Each week, WW writer John Minervini brings you the latest in book reviews, author Q&A's and Portland literary gossip. Click here to join the Tome Raider mailing list.
“Do people in Portland eat grits? I hope they do.” – Kevin Young
Some say poems should be recited; some say mutely read. From what I'd heard of poets who tried it, I held with those who won't abide it. But then I happened to sit in on a reading by Kevin Young
, and now…well, now I'm not so sure.
For those who don't know, Young (pictured above at his Portland event) is a 28-year-old badass poet who's gotten more recognition since he graduated from Harvard University than most milquetoast rhymesters will see in a lifetime.
Born in Lincoln, Nebraska, Young is the award-winning author of six books of poetry; his work has appeared in the National Poetry Series, The New Yorker
, The Paris Review
, and Ploughshares
. He's currently holding down a gig at Emory as a creative writing professor and curator of their poetry library.
Young stopped by Powell's on Hawthorne this Sunday (Oct. 12) to promote his newest collection, Dear Darkness (Knopf, 196 pages, $26.95)
. Variously set in Nashville, Las Vegas and Louisiana, it depicts a world both quaint and ominous, in which broken-down heirlooms and comfort food evoke deceased relatives and friends. To quote from Young's elegy to Johnny Cash, “I Walk the Line,” his newest book is “sadder than a wedding dress in a thrift store”—and just as funny, especially when the author returns to a favorite form:
“I thought I was done with blues poems,” quipped Young. “But the Blues come back for you, I've discovered.”
For an audience of 19 Portlanders, Young read selections from Dear Darkness
and For the Confederate Dead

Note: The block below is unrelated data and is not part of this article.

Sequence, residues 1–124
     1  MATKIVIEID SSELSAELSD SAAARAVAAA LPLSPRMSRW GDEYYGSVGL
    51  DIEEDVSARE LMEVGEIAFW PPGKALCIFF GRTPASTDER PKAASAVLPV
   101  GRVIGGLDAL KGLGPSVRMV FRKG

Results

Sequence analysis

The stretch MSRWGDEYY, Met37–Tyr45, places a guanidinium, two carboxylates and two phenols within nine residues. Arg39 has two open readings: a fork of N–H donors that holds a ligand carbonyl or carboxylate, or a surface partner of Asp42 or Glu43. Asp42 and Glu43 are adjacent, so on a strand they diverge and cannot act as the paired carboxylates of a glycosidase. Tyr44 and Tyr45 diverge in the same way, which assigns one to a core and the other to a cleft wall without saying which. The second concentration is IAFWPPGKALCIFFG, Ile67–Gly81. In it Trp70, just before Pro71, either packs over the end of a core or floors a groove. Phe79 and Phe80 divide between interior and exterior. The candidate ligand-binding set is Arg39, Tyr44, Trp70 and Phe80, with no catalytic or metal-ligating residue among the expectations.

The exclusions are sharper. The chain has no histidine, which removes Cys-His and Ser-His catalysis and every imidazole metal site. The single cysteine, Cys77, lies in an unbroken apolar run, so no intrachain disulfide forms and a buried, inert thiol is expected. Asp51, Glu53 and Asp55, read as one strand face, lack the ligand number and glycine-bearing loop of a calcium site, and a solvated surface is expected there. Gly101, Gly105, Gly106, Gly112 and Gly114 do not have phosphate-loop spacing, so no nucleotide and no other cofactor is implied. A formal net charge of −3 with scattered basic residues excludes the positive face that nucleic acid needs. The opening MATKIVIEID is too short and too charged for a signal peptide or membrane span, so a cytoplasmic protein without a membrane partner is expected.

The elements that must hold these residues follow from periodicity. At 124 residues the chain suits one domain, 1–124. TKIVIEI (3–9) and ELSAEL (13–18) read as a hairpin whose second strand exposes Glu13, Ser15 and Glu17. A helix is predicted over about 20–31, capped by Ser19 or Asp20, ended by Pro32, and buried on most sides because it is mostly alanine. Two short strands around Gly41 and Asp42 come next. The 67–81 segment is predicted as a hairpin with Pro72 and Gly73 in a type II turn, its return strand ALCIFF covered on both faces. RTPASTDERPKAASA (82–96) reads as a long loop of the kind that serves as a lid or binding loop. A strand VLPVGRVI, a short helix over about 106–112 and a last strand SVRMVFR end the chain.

, including “Uncles (Blood),” “Inheritance,” “On Being the Only Black Person at the Johnny Paycheck Concert,” “Immunizations (Lively Up Yourself),” “Catch a Fire,” and “Ode to Cushaw.”
In between poems, the author offered up a few autobiographical goodies. According to Young, “Immunizations (Lively Up Yourself)” was named for the shots he had to get before flying to Kenya for the funeral of a friend, author and editor Philippe Wamba
. Later, he made an explicit connection between the grieving process and the yen for Southern comfort food. “It's ontological,” mused Young. “Is there such thing as a grit?”
But by far the best thing about the reading was the way it made Dear Darkness sing. Rather than the gravelly baritone that I expected, Young narrated in a high tenor, like a Baptist preacher simultaneously assuring his congregation of the existence of the promised land and secretly despairing of it, himself. In poems like “Catch a Fire,” his voice was full of kitchen sounds, crackling like bacon grease on a hot frying pan, howling like a teakettle just beginning to boil. Finally pronounced, Young's wacky enjambments began to make sense, and the author even—on two occasions—broke into song.
In a short Q&A, Young offered insights into his creative process, quoting Ralph Ellison's famous summary of the Blues' animating paradox, the desire “to finger its jagged grain.” Then, after signing a few autographs, he left. Not bad.
Frankly, I'm beginning to think that for their illustrative quality and sheer performative thrill, poetry readings are also great, and will suffice.
To whet your appetite for Young's next Portland reading, here's a poem from Dear Darkness
, titled “Inheritance.”
The battered black box I brought
Kevin Young Reading
from my grandmother's house
held yellowed bills, receipts
for seed, chicken feed, and envelopes
full of promissory notes—
my inheritance held
in a box held together
tape, and more tape, browning
the metal, hinging it shut.
on what bloomed inside
among the muggy smell
of old paper, and loans
long since forgiven—the seed
bought against earnings
in Sunset, the mill
FOR UNATTENDED COTTON
LEFT IN THE YARD
My grandfather's signature
few carbons held—
most bore the John
Hancock of some boss
I picture like death
or debt, looming—
misspelling Da Da's name.
Both, we hope,
are final—or is it only debt
that lives on
forever? I owe
them my life, my grandparents
who fought the elements
and the earth to raise me up,
and us, planted the seeds
of cotton, of promise
no box, nor coffin, can contain—
though this black,
broken, unlocked box, secured
and scarred by tape,